Finding a way forward: the search for reconciliation in the Philipinnes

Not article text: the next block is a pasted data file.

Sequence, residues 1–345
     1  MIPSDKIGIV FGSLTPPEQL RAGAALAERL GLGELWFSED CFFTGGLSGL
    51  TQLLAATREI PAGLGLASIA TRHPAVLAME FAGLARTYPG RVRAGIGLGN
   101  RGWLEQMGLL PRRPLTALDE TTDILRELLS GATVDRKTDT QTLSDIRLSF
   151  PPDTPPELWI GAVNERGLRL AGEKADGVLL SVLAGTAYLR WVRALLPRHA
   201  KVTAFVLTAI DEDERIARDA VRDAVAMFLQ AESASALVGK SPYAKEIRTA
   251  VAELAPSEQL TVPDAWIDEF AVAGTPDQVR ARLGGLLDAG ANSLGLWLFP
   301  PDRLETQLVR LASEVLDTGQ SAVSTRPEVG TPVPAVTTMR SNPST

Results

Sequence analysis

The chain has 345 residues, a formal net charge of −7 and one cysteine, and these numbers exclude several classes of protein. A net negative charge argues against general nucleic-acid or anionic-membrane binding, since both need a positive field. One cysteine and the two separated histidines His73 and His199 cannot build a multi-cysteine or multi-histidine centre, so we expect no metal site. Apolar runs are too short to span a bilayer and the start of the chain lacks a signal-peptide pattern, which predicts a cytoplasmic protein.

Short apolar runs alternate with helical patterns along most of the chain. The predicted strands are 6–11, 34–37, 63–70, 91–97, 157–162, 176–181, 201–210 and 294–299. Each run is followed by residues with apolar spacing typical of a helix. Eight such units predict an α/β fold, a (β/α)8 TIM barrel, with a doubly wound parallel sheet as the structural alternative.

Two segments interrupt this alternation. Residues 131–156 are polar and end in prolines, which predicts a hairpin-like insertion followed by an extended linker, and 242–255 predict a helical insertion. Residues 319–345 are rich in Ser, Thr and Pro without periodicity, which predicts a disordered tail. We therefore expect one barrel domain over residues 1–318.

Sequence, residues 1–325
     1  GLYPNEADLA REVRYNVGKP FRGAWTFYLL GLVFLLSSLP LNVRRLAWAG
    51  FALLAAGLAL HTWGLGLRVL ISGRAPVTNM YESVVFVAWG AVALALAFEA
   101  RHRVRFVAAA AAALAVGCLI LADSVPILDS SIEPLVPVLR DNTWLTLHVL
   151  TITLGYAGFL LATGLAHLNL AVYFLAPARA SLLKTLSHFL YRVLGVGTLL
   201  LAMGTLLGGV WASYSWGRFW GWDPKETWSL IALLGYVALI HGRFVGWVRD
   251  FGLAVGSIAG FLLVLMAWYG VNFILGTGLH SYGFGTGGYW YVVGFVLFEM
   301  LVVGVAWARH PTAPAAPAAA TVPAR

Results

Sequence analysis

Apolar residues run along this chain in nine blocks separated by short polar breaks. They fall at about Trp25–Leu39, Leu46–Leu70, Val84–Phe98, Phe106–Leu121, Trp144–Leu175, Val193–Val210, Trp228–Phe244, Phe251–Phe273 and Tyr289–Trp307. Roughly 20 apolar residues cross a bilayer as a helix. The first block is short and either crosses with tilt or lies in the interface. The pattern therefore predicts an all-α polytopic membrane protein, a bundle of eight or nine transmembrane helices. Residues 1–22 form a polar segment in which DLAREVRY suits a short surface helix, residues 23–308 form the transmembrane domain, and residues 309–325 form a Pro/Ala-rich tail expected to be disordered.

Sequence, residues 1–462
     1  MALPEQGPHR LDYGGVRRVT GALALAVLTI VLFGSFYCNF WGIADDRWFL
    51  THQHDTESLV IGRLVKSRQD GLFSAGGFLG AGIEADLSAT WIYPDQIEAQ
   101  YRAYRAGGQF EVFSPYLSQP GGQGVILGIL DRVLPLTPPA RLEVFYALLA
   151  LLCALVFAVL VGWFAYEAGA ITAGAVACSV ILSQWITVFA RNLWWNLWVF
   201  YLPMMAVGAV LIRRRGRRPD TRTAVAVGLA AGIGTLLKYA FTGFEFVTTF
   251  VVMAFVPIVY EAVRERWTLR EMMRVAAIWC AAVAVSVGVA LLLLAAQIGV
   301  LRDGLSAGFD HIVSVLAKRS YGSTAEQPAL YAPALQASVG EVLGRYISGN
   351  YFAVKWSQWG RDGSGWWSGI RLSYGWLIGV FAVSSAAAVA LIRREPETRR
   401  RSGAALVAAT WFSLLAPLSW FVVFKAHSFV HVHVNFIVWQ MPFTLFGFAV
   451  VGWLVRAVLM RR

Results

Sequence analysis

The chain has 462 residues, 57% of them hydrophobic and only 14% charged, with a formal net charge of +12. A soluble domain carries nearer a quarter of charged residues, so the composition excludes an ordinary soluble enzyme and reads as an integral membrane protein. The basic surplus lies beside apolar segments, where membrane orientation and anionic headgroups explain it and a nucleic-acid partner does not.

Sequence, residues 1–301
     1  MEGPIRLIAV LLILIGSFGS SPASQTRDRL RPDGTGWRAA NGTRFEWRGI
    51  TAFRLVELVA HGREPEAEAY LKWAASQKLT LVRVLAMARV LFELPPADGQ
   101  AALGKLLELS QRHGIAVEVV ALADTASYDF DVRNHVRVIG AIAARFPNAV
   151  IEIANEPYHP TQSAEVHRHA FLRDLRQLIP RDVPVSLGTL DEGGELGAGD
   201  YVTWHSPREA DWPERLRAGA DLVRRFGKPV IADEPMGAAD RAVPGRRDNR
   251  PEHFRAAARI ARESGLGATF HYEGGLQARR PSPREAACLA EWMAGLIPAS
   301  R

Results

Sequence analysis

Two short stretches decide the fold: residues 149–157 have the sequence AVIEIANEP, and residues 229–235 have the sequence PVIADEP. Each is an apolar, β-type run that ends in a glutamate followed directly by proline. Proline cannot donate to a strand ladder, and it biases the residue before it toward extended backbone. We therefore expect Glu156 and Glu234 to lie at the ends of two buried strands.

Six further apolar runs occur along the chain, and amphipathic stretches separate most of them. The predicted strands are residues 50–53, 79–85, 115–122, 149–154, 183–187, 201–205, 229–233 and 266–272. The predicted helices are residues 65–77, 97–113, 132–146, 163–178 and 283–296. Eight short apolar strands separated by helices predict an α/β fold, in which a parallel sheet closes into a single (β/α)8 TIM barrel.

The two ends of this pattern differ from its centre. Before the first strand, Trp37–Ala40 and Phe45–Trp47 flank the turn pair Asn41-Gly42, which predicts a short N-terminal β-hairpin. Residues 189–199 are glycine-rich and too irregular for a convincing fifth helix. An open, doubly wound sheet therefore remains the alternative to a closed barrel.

The crisis of the southern Philippines is best understood within a wider regional context. Alex Bellamy concluded some time ago that two challenges confront Southeast Asian regimes - legitimization and consolidation (Bellamy 2004: 176). These are being threatened by the growth of radical Islam and liberalism - contradictory forces pulling in different directions. National leaders must broaden and deepen security to include the welfare of their communities in order to assert their sovereignty more convincingly. The persistent stumbling blocks in the Philippines are ethnic conflict and the separatist impulse in the south, both of which are frequently given the mantle of religious warfare. Whatever the terminology, these issues are inherently difficult to understand; solutions to them remain elusive amidst a plethora of rival interpretations and conflicting views. Yet the stakes are high. Mindanao's simmering unrest prevents the emergence of a stable national polity. Or, and this is perhaps the most important question of all, is it more likely to be the other way around?